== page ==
- Title: Shortbus
- IMDB: link
Sex is a compelling subject in film, books, and television. In discussing, and showing, sex you know you’ve got the audiences attention. Shortbus knows how to grab us early, but soon fails to perform to expectations as it blows it’s wad in the first eight minutes.
The film opens with a voyeuristic journey as the film, seemingly at random, looks through windows into the sexual lives of a select few of the millions in New York City. The shock and strangeness of the situation immediately will make you take notice and, depending on your moral stance, possibly be appalled.
It’s the perfect choice to bring you into this world. Sadly though, once here, writer/director John Cameron Mitchell has very little to say.
The problem begins when the voyeuristic view into other people’s bedrooms ends, and the audience is forced to watch a formulaic soap opera drama more appropriate for late night cable-TV than in a theatrical film.
We get a sex-therapist who can’t have an orgasm (Sook-Yin Lee), a gay couple (Paul Dawson, PJ DeBoy) considering introducing a third member into their bed (Jay Brannan), and a dominatrix (Lindsay Beamish) who finds it incapable to trust or love.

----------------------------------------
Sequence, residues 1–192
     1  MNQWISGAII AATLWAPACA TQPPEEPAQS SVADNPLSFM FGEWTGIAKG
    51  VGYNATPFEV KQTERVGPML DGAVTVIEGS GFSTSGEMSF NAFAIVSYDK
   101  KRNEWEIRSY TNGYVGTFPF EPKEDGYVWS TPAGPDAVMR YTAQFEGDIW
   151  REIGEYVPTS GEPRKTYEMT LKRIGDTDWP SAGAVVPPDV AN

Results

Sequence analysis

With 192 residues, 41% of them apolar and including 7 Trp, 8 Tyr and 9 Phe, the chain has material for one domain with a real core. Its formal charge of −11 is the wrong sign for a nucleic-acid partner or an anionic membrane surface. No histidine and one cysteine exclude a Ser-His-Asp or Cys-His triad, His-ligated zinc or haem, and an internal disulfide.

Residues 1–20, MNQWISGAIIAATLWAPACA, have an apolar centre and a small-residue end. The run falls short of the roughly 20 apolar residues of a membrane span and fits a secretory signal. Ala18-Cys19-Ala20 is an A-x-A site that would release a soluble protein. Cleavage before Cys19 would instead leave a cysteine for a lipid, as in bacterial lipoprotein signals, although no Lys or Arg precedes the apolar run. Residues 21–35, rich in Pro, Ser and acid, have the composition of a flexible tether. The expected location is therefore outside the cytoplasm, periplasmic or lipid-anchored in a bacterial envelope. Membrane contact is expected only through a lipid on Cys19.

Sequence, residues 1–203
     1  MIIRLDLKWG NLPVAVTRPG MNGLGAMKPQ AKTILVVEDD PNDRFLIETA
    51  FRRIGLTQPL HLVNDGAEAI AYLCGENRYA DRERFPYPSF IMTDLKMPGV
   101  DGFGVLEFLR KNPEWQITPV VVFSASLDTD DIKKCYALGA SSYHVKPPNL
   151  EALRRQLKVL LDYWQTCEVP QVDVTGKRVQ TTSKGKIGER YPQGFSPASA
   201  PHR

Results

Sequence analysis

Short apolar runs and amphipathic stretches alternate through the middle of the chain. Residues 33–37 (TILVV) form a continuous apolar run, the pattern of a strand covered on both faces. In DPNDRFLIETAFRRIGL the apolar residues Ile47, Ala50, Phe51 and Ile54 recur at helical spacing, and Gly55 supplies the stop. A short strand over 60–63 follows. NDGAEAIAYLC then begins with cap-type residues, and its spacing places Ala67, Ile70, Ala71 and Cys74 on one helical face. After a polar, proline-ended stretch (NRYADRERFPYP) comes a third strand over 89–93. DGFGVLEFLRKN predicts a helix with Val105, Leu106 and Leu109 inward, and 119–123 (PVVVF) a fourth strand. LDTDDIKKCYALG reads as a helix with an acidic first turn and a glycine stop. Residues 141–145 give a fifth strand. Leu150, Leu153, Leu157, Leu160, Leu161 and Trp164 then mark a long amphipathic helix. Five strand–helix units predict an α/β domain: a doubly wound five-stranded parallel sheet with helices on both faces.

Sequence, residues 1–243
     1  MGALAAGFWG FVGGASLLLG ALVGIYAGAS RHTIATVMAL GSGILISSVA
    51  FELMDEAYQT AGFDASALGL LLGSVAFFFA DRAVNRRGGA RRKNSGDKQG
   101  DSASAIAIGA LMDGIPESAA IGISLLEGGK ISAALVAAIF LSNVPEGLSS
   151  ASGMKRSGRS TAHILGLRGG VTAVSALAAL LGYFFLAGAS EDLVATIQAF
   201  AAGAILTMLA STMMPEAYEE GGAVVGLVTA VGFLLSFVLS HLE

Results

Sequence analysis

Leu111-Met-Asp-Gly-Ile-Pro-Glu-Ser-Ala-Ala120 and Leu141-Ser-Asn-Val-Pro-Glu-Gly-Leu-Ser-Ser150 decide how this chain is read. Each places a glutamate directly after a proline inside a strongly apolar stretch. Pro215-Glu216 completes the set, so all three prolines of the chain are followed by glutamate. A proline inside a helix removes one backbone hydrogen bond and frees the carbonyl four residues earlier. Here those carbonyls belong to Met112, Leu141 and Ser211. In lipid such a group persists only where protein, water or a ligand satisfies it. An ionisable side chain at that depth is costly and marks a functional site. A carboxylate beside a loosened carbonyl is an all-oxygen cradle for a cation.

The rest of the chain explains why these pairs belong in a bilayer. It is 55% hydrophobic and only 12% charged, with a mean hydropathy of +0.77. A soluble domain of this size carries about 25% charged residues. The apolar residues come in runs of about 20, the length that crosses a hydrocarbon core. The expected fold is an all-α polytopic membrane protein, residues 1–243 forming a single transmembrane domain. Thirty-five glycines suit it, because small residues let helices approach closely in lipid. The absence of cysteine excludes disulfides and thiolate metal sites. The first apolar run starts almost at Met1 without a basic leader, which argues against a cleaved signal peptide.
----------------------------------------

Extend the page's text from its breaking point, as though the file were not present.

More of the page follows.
None of these stories are that interesting, or original despite the small twists Mitchell tries to add. The acting is standard, the sex rather placidly unmoving, and the discussion of the sex even more so. It’s about the same thing you’d find on a regular night of Cinemax After Dark.
Though the opening scenes tease you with a wild voyeuristic journey, what we get is rather pedestrian with a few hardcore scenes added in. The film is unrated due to its graphic nature, and so the big movie theaters won’t touch it with a ten-foot…pole. The film does make a valid distinction between sex and love and has a interesting take on suicide, but it’s all buried under flacid storylines. Shortbus is an open and nonjugemental film, but sadly it never takes the big chances (other than showing weenies and ta-ta’s) that would have made it something special, rather than just a passable sideshow.